feasibility of the approach or concept and that would be prerequisite to further ED support in
Phase II. Proposals are evaluated based on criteria published in this solicitation (Section
4.2, pages 12-13) by panels of expert reviewers. Awards are for periods up to six (6)
months in amounts up to $60,000. For FY 2001, ED anticipates making approximately
twenty-five (25) awards.

Since the ED award is limited to $60,000, the Department uses the Simplified Acquisition
Procedures to make these awards using purchase orders. This method helps to expedite
the awards process.

        Phase II. -- Phase II is to expand on the results of and to further pursue the
development of Phase I. Phase II is the principal research or R&D effort. It requires a more
comprehensive proposal, outlining the effort in detail including the commercial potential.
Phase II applicants must be Phase I awardees with approaches that appear sufficiently
promising as a result of Phase I. Once again, proposals are evaluated based on published
criteria by panels of experts. The Phase II funding vehicle is a contract.

Awards are for periods up to two (2) years in amounts up to $300,000.

       Phase III. -- It is intended that under Phase III non-Federal capital be used by the
small business to pursue commercial applications of the research or research and
development. Also, under Phase III, Federal agencies may award non-SBIR follow-on
funding for products or processes that meet the needs of those agencies.

Both Phase I and Phase II awards may include a profit or fee.


1.3    Eligibility and Limitations

       Eligibility. -- Each organization submitting a proposal must qualify as a small for-
profit business for research purposes as defined by the Small Business Administration
(SBA) at the time of the award. In addition, the primary employment of the principal
investigator must be with the small business firm at the time of award and during the
conduct of the proposed research. That is, more than one-half of the principal investigator’s
working time must be spent with the small business firm during the period of performance.
Also, for both Phase I and Phase II the research or R&D work must be performed in the
United States. “United States” means the fifty (50) states, the territories and possessions of
the United States, the Commonwealth of Puerto Rico, the Commonwealth of the Northern
Mariana Islands, the Trust Territory of the Pacific Islands, and the District of Columbia.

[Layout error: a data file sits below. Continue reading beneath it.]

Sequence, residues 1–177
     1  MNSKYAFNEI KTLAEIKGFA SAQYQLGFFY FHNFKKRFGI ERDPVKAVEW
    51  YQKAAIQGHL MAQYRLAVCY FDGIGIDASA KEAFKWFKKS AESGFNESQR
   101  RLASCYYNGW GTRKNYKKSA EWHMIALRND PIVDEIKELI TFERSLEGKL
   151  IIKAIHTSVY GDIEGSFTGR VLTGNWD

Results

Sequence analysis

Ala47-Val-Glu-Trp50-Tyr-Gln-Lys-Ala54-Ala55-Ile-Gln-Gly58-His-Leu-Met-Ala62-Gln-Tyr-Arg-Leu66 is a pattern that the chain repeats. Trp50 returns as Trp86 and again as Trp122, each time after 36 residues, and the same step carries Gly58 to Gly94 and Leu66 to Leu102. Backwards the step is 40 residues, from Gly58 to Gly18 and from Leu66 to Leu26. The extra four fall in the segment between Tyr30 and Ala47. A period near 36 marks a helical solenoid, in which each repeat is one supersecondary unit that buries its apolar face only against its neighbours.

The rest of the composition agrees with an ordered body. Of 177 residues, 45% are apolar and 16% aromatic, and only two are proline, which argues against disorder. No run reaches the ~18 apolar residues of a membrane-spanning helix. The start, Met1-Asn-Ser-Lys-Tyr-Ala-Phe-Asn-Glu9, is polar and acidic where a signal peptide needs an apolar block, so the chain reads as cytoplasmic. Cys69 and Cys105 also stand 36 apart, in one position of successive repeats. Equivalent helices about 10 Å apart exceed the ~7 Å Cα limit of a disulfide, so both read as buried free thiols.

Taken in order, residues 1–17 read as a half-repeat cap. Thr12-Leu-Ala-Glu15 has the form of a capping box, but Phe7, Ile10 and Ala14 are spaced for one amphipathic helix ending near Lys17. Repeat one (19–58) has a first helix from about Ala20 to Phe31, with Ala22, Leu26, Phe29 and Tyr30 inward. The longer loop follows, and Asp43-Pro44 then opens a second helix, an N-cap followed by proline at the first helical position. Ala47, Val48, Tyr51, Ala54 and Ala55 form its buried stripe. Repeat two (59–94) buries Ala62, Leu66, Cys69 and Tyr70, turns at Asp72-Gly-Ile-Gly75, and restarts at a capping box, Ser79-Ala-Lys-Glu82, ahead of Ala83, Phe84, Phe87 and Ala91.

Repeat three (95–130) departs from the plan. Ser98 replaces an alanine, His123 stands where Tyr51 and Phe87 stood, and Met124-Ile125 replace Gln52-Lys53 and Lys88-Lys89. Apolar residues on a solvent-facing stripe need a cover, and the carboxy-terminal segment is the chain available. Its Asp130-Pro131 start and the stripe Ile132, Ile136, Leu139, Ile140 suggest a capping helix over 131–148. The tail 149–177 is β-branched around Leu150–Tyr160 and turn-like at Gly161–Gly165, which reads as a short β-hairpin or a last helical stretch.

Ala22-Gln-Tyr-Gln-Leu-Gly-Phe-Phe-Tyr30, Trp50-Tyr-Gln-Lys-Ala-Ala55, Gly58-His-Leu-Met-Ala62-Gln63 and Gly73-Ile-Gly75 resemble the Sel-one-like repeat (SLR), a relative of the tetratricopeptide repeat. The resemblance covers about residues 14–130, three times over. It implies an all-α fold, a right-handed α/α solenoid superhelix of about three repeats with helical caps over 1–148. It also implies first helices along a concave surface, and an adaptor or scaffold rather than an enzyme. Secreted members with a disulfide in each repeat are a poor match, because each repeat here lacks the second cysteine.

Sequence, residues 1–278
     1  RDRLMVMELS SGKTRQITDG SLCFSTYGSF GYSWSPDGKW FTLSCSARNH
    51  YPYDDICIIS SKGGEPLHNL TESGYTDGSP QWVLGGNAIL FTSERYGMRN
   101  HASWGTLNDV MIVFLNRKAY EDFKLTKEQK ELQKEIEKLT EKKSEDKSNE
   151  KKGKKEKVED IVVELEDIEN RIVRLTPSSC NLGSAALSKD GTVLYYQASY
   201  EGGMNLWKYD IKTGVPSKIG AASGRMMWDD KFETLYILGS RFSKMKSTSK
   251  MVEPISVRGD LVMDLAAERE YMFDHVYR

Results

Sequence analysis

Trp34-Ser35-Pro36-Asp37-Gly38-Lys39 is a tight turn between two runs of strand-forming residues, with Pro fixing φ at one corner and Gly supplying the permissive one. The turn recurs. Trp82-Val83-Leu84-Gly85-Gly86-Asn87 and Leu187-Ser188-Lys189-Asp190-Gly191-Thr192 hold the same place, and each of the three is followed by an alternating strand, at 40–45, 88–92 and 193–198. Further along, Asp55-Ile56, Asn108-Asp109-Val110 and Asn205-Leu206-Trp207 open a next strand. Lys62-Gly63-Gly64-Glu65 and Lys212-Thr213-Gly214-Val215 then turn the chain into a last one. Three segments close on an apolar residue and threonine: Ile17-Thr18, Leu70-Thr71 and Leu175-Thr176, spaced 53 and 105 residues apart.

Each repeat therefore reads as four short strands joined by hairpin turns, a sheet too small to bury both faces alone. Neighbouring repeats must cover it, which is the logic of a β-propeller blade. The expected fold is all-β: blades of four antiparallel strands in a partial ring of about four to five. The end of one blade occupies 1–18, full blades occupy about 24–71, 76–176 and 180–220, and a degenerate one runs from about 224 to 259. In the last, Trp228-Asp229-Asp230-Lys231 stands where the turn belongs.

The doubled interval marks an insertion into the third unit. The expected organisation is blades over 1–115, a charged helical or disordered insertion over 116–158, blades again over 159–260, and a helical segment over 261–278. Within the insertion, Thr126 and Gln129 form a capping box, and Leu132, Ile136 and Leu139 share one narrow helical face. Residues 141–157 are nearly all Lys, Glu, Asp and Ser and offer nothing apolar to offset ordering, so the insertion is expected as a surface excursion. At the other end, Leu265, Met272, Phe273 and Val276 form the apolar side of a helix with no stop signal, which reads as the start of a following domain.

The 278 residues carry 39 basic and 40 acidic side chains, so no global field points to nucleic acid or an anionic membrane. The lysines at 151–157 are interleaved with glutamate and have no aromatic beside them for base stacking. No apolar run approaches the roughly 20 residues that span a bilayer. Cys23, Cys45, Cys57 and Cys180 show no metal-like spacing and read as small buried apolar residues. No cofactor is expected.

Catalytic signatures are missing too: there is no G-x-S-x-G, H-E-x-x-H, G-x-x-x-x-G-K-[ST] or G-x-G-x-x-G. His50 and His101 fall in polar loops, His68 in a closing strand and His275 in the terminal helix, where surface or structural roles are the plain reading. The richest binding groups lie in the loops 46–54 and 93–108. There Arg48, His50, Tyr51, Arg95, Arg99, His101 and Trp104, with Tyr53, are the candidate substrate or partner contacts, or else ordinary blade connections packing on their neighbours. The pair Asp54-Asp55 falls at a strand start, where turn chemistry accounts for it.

Joint ventures are permitted, provided that the entity created qualifies as a small business in
accordance with the Small Business Act, 15 U.S.C. 631 [the definition for “small business
concern” is included in section 2.2 (page 4 )].




                                                                                               2
        Limitations. -- A proposal must be limited to one topic listed in this program
solicitation. When a proposal is relevant to more than one topic, the offeror must decide
which topic is most relevant and submit it under that topic only. However, there is no
limitation on the number of different proposals that a small business may submit under this
solicitation, even to the same topic. A firm may submit separate proposals on different
topics, or different proposals on the same topic, but each proposal must respond to exactly
one topic. Duplicate proposals will be returned without review.

1.4   Agency Contacts

Questions about technical aspects of the ED SBIR program, but not pertaining to
administrative processing of solicitations, can be submitted to:

                           Lee Eiden
                           ED SBIR Program Coordinator
                           US Department of Education
                           Capitol Place - Room 508D
                           555 New Jersey Avenue, N.W.
                           Washington, D.C. 20208-5644

                           or by telephone at (202) 219-2004.


Questions pertaining to the administrative processing (including form Section K) and
procurement issues regarding the solicitation shall be directed to:

          LaShawn Flemming-Pettaway                 Isadora Binder
          Procurement Technician                    Contract Specialist
          (202) 708-8576                            (202) 708-5141


Questions pertaining to human subjects research issues shall be directed to:

                           Helene Deramond
                           Coordinator
                           Protection of Human Subjects
                           (202) 260-5353

Program Office contacts for each R&D topic are provided in Section 9.0 (page 30).